A former teacher at one of the country's top secondary schools has appeared in court charged with committing an indecent act at the school.
The man was granted interim name suppression when he appeared in the Auckland District Court today. He entered no plea to a charge of committing an indecent act in June last year.
The alleged act happened in a classroom the secondary school, where the man worked for more than a decade.
A NZ Teachers Council spokesman confirmed the man was now under investigation by the education body.
"He was suspended by the employer in June last year and he resigned the following month," the spokesman said.
"Our understanding is that he hasn't taught since then. He also has signed a voluntary undertaking not to teach."
The council had suspended the man on an interim basis anyway, meaning he cannot lawfully work as a teacher.
"We know about the charges and our disciplinary investigation will be completed, a tribunal hearing conducted and a decision handed down after the criminal processes are completed," the spokesman said.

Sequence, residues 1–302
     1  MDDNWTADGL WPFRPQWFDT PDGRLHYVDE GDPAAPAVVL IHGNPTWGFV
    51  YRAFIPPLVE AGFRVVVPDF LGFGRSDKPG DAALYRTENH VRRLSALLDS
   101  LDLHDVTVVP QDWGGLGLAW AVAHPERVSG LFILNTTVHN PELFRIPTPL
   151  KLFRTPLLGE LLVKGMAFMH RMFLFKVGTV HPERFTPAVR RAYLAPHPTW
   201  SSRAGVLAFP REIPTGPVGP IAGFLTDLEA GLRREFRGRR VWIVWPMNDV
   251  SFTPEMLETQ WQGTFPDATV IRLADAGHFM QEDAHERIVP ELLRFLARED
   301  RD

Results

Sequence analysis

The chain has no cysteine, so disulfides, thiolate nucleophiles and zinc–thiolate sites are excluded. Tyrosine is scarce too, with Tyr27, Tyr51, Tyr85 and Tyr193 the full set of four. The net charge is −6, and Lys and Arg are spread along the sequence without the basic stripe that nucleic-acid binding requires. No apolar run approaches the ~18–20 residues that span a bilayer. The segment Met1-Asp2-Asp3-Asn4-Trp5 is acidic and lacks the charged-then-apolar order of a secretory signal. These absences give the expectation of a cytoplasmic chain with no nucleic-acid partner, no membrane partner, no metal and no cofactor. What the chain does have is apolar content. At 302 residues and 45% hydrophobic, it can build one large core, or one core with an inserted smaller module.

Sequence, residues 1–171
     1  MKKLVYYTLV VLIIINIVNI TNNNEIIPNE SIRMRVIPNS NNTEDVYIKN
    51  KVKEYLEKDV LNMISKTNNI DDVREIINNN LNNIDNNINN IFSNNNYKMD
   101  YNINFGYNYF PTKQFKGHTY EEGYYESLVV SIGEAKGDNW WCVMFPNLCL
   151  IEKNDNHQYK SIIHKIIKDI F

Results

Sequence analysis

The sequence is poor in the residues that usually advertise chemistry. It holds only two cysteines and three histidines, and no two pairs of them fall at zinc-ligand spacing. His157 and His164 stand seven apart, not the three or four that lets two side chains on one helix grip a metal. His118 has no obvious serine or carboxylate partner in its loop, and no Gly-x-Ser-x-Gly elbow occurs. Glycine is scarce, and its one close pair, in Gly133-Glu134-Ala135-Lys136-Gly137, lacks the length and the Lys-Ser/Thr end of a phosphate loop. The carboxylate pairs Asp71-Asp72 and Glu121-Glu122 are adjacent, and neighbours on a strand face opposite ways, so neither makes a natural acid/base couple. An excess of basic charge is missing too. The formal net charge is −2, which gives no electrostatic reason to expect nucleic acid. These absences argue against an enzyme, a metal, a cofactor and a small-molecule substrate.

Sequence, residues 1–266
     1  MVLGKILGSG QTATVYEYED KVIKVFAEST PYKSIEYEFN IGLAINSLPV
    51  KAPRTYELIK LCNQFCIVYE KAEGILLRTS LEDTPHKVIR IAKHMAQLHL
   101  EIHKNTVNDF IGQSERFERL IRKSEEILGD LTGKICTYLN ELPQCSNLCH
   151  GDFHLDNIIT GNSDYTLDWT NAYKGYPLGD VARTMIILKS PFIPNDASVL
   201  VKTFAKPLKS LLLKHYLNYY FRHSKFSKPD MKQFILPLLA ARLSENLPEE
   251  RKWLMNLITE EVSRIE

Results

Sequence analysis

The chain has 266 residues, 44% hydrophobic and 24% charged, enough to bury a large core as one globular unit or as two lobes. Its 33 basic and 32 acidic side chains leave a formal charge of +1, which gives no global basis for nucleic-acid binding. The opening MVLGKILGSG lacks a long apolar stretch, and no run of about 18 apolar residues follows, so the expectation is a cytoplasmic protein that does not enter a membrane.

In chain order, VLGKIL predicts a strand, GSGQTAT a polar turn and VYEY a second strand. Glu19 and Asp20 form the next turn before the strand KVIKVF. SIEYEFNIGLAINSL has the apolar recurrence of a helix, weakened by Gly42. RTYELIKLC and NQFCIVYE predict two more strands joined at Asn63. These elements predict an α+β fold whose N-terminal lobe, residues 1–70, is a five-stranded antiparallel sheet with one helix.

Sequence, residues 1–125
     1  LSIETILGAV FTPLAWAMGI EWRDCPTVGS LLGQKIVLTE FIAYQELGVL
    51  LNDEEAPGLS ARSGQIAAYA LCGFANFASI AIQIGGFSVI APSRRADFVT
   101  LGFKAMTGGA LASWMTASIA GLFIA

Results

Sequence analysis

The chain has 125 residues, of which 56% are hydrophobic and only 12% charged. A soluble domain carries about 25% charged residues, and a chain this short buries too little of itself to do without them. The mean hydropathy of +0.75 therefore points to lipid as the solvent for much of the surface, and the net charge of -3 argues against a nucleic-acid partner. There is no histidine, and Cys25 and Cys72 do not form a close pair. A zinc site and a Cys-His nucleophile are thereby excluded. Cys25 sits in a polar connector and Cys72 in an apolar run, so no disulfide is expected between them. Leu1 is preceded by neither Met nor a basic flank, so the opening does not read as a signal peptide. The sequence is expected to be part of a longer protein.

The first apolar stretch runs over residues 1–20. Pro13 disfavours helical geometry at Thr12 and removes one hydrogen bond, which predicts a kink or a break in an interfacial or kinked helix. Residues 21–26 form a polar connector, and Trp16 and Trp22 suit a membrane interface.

"In criminal charges of this kind we wait for the criminal process to run its course."
Today, the current principal of the school where the alleged act occurred referred APNZ to the board of trustees chairman for comment, but the chairman could not be contacted.
The accused declined to comment when approached.
His case has surfaced as proposed legislation beefing up teacher regulation and removing secrecy around disciplinary proceedings is before parliament.
Among the proposed changes is the establishment of the Education Council of Aotearoa New Zealand as an independent statutory body, in place of the NZ Teachers Council.
Other proposed changes include making disciplinary proceedings against misbehaving teachers open unless there is good cause for name suppression and automatic referral of teachers to a disciplinary tribunal for cases of serious misconduct.
A spokesman from Hekia Parata's office said it would be inappropriate for the education minister to comment on a matter before the courts.
Auckland District Court held two charge sheets for the teacher, however his lawyer, Richard Earwaker, said his client faced just one charge relating to an incident in the classroom. He suspected the duplication was an error.
This could not be confirmed with the court tonight.